Automotive Industry: Ground Zero for Extended Supply Chain Digital Tsunami?

Posted by Andrew Hughes on Tue, Oct 11, 2016

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Let’s take a few moments to think about how much new technology has made its way into our automobiles and automobile-related transportation over the last few years. It’s been an exhilarating ride already, and our research is showing that the speed and impacts of new technology and business models are only going to increase, and touch everyone involved in the industry.

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As few as 3-5 years ago, consumer expectations did not include automobile systems, such as advanced collision prevention, standardized infotainment integration with our mobile devices, cars as roving wireless hotspots, and certainly not the real promise of driverless cars being just on the horizon. Add to that, the convenience and expansion of rideshare and temporary car services such as Uber, Lyft, and Zipcar across all corners of the globe, and the associated future potential of driverless rideshare services. The automobile industry is definitely accelerating into the future.

Today’s automobiles already generate and store huge amounts of information, and process operating and maintenance diagnostics at sub-second intervals. Some of this information is already being leveraged to optimize maintenance schedules and to provide feedback to auto manufacturers and their suppliers about the in-use performance of designs. In the future, the volume and variety of data will increase exponentially, and this will lead to the creation of new opportunities to use the information in new business processes, as well as improve safety and comfort for consumers.

The automotive industry is, in many respects, a leader in Digital Transformation. It will continue to leverage the Internet of Things (IoT) across the entire design and supply chain, within automotive manufacturing, connected vehicles, and looking at the ways in which automotive transportation will be consumed and managed in the future. Disruption has already been created by companies, such as Tesla and Google, and we can be sure that today’s automotive business models from design to manufacturing and sales models will continue that dramatic change.

The automobile industry is in a period of rapid growth and recovery after the troubles of the late 2000’s. Demand for new cars is high; finished automobile manufacturers, OEMs, along with all suppliers and sub-suppliers are looking at taking market share, providing higher value and margins, along with getting their share of new global expansion opportunities. Our most recent surveys uncovered the top financial objectives of over 100 automotive industry companies:andrew_blog.png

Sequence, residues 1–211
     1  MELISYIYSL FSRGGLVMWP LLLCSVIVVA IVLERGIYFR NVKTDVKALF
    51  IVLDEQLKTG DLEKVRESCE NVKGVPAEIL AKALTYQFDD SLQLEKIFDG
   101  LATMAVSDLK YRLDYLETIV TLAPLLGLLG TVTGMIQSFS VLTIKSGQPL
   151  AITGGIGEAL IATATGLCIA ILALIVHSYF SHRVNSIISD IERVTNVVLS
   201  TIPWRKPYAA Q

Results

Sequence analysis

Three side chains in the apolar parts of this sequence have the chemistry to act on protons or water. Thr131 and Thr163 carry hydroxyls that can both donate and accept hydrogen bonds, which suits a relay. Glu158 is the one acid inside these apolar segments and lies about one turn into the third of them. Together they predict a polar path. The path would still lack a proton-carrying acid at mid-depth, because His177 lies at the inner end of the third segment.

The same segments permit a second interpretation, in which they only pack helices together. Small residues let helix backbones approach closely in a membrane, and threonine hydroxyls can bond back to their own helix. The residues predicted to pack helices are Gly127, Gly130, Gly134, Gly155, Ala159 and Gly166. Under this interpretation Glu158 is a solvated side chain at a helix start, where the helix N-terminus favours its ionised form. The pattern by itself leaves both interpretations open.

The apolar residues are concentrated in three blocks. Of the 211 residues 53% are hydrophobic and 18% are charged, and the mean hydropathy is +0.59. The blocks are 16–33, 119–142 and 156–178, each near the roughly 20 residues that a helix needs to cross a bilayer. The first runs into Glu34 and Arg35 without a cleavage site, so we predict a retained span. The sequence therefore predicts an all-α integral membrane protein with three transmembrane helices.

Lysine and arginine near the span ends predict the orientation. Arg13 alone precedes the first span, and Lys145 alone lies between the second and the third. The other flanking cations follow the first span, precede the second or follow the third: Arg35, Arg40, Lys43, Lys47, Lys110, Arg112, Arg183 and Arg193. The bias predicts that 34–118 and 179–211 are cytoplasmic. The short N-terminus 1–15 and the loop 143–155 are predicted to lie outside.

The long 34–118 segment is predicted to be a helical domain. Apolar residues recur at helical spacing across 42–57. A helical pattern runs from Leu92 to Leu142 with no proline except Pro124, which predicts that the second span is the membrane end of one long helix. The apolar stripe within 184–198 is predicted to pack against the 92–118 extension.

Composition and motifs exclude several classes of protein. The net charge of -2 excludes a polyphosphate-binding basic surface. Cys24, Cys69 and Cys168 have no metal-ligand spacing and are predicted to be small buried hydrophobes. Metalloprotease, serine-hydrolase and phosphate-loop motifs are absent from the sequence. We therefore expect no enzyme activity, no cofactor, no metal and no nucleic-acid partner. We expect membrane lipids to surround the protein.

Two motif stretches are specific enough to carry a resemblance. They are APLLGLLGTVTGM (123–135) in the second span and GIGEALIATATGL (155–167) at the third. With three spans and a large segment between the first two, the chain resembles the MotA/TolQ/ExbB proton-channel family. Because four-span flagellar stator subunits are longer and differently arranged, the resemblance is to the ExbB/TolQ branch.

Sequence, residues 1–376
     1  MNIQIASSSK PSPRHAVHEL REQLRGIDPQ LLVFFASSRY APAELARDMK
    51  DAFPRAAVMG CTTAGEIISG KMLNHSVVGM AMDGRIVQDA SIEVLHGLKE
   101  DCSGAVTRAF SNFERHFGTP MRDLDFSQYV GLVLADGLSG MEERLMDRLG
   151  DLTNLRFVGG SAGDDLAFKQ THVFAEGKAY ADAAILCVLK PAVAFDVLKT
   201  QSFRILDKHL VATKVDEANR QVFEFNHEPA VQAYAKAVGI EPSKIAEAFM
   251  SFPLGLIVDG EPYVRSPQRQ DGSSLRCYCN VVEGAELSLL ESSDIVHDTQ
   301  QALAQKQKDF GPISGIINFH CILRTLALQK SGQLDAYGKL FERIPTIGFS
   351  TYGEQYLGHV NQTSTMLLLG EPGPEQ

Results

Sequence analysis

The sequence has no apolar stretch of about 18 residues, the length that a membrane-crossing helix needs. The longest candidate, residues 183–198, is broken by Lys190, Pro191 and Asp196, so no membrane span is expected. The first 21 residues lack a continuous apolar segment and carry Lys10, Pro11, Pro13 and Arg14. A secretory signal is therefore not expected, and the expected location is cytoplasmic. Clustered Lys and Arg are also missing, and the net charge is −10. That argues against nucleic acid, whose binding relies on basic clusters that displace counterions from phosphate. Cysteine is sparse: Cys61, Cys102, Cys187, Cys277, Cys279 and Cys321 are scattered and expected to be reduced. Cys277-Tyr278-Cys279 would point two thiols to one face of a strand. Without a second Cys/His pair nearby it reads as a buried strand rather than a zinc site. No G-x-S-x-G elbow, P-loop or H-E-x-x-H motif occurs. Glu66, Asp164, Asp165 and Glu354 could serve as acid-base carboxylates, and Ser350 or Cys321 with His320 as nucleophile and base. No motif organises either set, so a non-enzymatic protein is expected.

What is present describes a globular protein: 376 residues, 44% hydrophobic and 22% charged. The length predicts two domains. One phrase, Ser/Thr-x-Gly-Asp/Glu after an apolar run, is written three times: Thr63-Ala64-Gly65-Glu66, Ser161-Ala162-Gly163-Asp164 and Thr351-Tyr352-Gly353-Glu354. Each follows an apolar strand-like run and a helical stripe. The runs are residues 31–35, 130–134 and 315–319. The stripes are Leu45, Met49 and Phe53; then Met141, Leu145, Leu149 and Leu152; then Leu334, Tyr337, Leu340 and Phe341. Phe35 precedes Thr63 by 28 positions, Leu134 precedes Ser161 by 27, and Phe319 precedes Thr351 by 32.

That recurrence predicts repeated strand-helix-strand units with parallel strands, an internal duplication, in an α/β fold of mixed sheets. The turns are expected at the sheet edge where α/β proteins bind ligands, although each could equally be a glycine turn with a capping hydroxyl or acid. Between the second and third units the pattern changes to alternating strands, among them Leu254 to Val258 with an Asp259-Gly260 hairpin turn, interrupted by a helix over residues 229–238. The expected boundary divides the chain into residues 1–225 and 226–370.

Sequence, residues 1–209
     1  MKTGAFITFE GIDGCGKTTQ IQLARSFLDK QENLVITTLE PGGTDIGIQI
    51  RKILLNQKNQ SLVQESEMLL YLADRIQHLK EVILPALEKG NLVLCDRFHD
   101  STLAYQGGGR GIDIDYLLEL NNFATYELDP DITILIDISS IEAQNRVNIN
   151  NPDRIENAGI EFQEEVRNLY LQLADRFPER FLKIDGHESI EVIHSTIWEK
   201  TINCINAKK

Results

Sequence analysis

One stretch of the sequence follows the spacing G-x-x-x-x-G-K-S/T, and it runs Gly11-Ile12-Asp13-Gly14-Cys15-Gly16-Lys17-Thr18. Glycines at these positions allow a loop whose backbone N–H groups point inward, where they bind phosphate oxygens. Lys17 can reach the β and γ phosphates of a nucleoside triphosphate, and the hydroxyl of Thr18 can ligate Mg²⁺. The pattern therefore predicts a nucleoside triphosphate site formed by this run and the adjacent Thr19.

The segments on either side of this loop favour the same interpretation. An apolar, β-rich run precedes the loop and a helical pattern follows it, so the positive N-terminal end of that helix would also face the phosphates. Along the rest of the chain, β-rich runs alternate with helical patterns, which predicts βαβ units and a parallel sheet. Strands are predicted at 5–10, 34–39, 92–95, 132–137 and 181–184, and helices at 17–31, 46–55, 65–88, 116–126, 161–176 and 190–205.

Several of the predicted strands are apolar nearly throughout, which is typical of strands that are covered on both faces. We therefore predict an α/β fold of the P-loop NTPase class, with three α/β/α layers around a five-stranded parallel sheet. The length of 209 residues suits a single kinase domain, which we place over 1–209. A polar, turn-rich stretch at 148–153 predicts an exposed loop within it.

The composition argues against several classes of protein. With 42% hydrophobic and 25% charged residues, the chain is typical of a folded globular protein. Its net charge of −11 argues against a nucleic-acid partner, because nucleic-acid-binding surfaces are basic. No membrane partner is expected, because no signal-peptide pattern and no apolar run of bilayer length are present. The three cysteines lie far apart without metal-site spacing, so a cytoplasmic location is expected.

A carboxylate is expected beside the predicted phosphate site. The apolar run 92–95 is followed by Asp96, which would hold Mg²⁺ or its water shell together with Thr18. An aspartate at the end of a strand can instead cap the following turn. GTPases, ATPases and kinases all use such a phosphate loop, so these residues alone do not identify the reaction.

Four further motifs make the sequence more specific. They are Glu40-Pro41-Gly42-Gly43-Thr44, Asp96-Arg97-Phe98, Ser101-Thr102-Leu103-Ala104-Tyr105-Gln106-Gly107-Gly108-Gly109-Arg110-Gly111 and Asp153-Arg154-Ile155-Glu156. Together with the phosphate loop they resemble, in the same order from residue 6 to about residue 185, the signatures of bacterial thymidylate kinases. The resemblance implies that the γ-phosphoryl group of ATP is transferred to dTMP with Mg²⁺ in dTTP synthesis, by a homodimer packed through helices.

What does all of this mean to the companies that are closest to the automotive manufacturing action? In these same recent surveys, we see that all manufacturers involved in the automotive supply chain still see manufacturing efficiency (Lean) as their top operational priority. With the recent exposure of Volkswagen and other companies in regards to non-compliance to emissions regulations, it is no surprise to see compliance as a top operational priority. Improving customer service in order to differentiate and take market share is also an area of focus, along with the ability to get new products that leverage new technology and efficiencies into the market more effectively.andrew_blog-2-1.png

Digital Transformation in the automotive industry from OEMs to tier-x suppliers is accelerating quickly. This, along with traditional continuous improvement, will enable ambitious manufacturers to drive these operational objectives. The use of the Industrial Internet of Things (IIoT) in the entire lifecycle of a car, from ideas through design, product introduction and mass manufacturing, will bring unforeseen improvements. These benefits will be extended as consumer and in-car technologies are integrated.

Design and simulation information is being more rapidly shared up and down the supply chain to meet new product introduction challenges. There is already more computing power, memory, networking and software in our vehicles than was imaginable just 5-10 years ago; our automobiles are becoming an ever more connected link in our connected world. It’s time to think about automobiles as the ultimate mobile/connected device that also can transport us more safely and efficiently than ever. In the future, this will allow passengers not to skip a beat in their connected world and activities.

As with any industry that is undergoing rapid transition, there are many challenges for all of the companies involved. How will all of this digital information be effectively and securely managed, and by whom? Which supplier and technology relationships will be in the driver’s seat versus in the trunk? What will the new capabilities and roles be for automotive industry suppliers, manufacturers, dealers, services providers and users? Finally, how will technologies like the IoT and IIoT be leveraged to make this automotive future happen? LNS Research is fascinated by the changes going on in this exciting industry. So, look for future blog posts focused not only on automotive manufacturing, but everything affecting and surrounding the automotive experience. This should be a fun ride!

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Categories: Supply Chain Management (SCM), Industrial Internet of Things (IIoT), Industrial Transformation / Digital Transformation